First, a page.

The Private Journal of Captain G.F. Lyon of H.M.S. Hecla, during …
The Private Journal of Captain G.F. Lyon of H.M.S. Hecla, during …

LYON, Captain George Francis. The Private Journal of Captain G.F. Lyon of H.M.S. Hecla, during the Recent Voyage of Discovery Under Captain Parry.

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LYON, Captain George Francis. The Private Journal of Captain G.F. Lyon of H.M.S. Hecla, during the Recent Voyage of Discovery Under Captain Parry. London, Murray, 1824.

8vo. Original publisher's paste-paper backed blue boards, printed label to spine; pp. xiii, [1, directions for placing the plates], 468; engraved frontispiece by Edward Finden after Lyon, 6 engraved plates by Finden after Lyon, one engraved folding map by J. Walker; extremities a little worn, title-page with cut away section of upper outer corner (replaced with matching paper), apart from light browning and occasional spotting to plates, as usual, a good copy, uncut in the the original publisher's binding and with half-title.
First edition. Lyon accompanied the second Parry expedition in search of a North West Passage as captain of Hecla (1821-1823; Parry commanded the sistership Fury), and his Private Journal of the voyage supplemented Parry's official account of the voyage, Journal of a Second Voyage for the Discovery of a North-West Passage from the Atlantic to the Pacific (London: 1824). The expedition proved of importance for the successful cooperation between the Europeans and the Inuit encountered; indeed, by the aid of a sketch map of the area Parry discovered from one Iligliuk a possible route for the Passage. Lyon's curiosity led him to observe with great attention the habits and character traits of the different tribes of Esquimaux and the Private Journal offers an excellent description of this people, as Field states: 'Almost the entire volume is devoted to the narration of the peculiarities of the Aborigines of the Arctic regions. Captain Lyon's curiosity led him to observe with great attention, the habits of life, and traits of character of the different tribes of Esquimaux, which his humanity, and good management attracted to his winter quarters. They built their villages near his ships, and permitted a closer familiarity, than any other of the Arctic voyagers was able to attain. His narrative, therefore, abounds with incidents of their intercourse, and curious anecdotes of Esquimaux life'. This work is known with two settings of the preliminary leaves; in one there is no half-title, the printer's name appears on the verso of the title, and the preliminary matter is paginated to xi, followed by an unnumbered page with the 'Directions ...' and in the other (as here) the imprint is on the verso of the half-title (that of the title is blank) and the pagination runs to xiii, followed by an unnumbered page of 'Directions ...'.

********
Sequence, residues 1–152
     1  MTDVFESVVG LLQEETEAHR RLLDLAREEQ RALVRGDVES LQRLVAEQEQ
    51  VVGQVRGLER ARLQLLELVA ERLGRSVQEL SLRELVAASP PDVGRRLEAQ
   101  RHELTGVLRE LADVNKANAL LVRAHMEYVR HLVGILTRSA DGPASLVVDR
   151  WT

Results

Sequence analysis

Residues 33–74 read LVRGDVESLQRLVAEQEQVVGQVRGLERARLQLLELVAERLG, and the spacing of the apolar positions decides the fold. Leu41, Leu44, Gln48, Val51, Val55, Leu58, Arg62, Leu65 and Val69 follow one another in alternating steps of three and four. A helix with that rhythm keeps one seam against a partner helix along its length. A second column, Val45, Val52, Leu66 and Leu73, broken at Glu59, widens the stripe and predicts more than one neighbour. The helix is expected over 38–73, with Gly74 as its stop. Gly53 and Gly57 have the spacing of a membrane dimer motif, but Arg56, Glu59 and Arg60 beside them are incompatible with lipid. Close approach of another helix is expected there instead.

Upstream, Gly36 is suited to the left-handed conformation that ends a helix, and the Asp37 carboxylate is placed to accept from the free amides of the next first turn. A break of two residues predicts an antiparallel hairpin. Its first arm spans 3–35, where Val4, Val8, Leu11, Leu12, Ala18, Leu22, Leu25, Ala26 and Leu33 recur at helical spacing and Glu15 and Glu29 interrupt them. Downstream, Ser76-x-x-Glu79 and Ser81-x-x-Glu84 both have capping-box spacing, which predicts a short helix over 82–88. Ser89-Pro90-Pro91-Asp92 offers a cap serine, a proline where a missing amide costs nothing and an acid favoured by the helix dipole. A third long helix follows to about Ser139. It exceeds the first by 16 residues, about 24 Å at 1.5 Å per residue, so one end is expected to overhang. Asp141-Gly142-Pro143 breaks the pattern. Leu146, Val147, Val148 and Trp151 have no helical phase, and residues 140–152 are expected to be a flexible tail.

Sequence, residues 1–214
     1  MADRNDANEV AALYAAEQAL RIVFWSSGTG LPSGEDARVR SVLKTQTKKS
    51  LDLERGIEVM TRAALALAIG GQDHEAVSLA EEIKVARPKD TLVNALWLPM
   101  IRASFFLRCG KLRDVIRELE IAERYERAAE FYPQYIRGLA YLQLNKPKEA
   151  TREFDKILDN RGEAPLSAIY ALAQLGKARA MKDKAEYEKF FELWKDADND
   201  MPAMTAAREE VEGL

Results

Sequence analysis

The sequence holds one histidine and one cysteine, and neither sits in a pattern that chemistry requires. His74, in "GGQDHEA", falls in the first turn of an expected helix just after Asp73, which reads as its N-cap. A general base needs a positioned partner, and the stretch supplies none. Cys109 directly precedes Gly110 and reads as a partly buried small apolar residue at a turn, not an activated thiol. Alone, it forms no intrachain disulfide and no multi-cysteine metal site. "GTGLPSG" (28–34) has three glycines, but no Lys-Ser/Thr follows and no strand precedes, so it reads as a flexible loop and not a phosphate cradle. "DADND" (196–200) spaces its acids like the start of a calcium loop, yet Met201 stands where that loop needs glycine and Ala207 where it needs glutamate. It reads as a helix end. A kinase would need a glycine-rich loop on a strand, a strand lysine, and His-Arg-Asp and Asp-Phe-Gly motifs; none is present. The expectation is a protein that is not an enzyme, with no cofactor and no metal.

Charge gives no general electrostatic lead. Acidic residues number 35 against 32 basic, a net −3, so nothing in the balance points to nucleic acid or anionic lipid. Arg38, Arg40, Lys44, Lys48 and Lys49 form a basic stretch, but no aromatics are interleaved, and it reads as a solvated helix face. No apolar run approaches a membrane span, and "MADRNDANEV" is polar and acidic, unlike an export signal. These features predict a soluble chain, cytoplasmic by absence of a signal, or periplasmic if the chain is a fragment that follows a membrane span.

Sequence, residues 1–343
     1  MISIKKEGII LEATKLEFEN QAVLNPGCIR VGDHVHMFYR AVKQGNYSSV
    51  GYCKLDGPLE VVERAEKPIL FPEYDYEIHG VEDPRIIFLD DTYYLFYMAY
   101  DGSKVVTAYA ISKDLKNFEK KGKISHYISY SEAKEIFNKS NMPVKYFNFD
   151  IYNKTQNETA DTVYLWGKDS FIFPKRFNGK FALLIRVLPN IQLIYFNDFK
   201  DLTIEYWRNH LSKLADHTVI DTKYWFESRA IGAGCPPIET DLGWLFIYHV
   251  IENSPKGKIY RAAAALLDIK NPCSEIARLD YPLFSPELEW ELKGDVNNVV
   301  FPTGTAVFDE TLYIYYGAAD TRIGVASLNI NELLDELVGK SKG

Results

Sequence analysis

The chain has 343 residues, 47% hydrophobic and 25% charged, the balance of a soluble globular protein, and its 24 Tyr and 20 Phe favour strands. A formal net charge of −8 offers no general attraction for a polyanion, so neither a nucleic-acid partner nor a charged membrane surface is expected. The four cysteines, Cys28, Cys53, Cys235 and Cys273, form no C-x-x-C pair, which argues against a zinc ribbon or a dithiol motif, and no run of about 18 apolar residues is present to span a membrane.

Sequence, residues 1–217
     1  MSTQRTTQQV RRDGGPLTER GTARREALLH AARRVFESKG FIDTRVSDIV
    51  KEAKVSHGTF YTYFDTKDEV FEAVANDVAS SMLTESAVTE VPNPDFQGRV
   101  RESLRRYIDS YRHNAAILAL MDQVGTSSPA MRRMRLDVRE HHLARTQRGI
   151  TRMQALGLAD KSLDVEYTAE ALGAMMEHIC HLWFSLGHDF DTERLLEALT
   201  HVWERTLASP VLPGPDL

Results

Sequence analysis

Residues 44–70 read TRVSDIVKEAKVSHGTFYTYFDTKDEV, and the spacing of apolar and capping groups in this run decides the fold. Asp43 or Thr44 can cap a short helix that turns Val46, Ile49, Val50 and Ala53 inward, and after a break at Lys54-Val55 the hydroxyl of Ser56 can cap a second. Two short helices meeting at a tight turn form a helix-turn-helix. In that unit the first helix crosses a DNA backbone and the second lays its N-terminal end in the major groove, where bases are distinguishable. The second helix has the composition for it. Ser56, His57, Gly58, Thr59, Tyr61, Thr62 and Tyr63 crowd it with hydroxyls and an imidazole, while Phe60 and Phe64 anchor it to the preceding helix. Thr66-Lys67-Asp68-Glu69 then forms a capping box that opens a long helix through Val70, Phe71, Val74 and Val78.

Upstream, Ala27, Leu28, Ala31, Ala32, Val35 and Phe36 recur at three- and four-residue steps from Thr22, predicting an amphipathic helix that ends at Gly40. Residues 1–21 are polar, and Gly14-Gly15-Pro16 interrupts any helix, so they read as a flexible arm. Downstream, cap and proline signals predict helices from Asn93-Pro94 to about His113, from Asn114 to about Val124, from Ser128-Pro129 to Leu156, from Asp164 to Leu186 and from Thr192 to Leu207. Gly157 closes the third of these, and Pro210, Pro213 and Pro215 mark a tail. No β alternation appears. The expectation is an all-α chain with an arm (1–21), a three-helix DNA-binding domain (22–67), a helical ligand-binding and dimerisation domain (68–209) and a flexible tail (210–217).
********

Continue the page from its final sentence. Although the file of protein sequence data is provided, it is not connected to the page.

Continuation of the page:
Arctic Bibliography 10531; Brunet III, col. 1254; Chavanne 1442; Hill I, p. 186; Lowndes p. 1422; Sabin 42853; Staton and Tremaine 1289; cf.: Field 961 (London: 1825 ed.).

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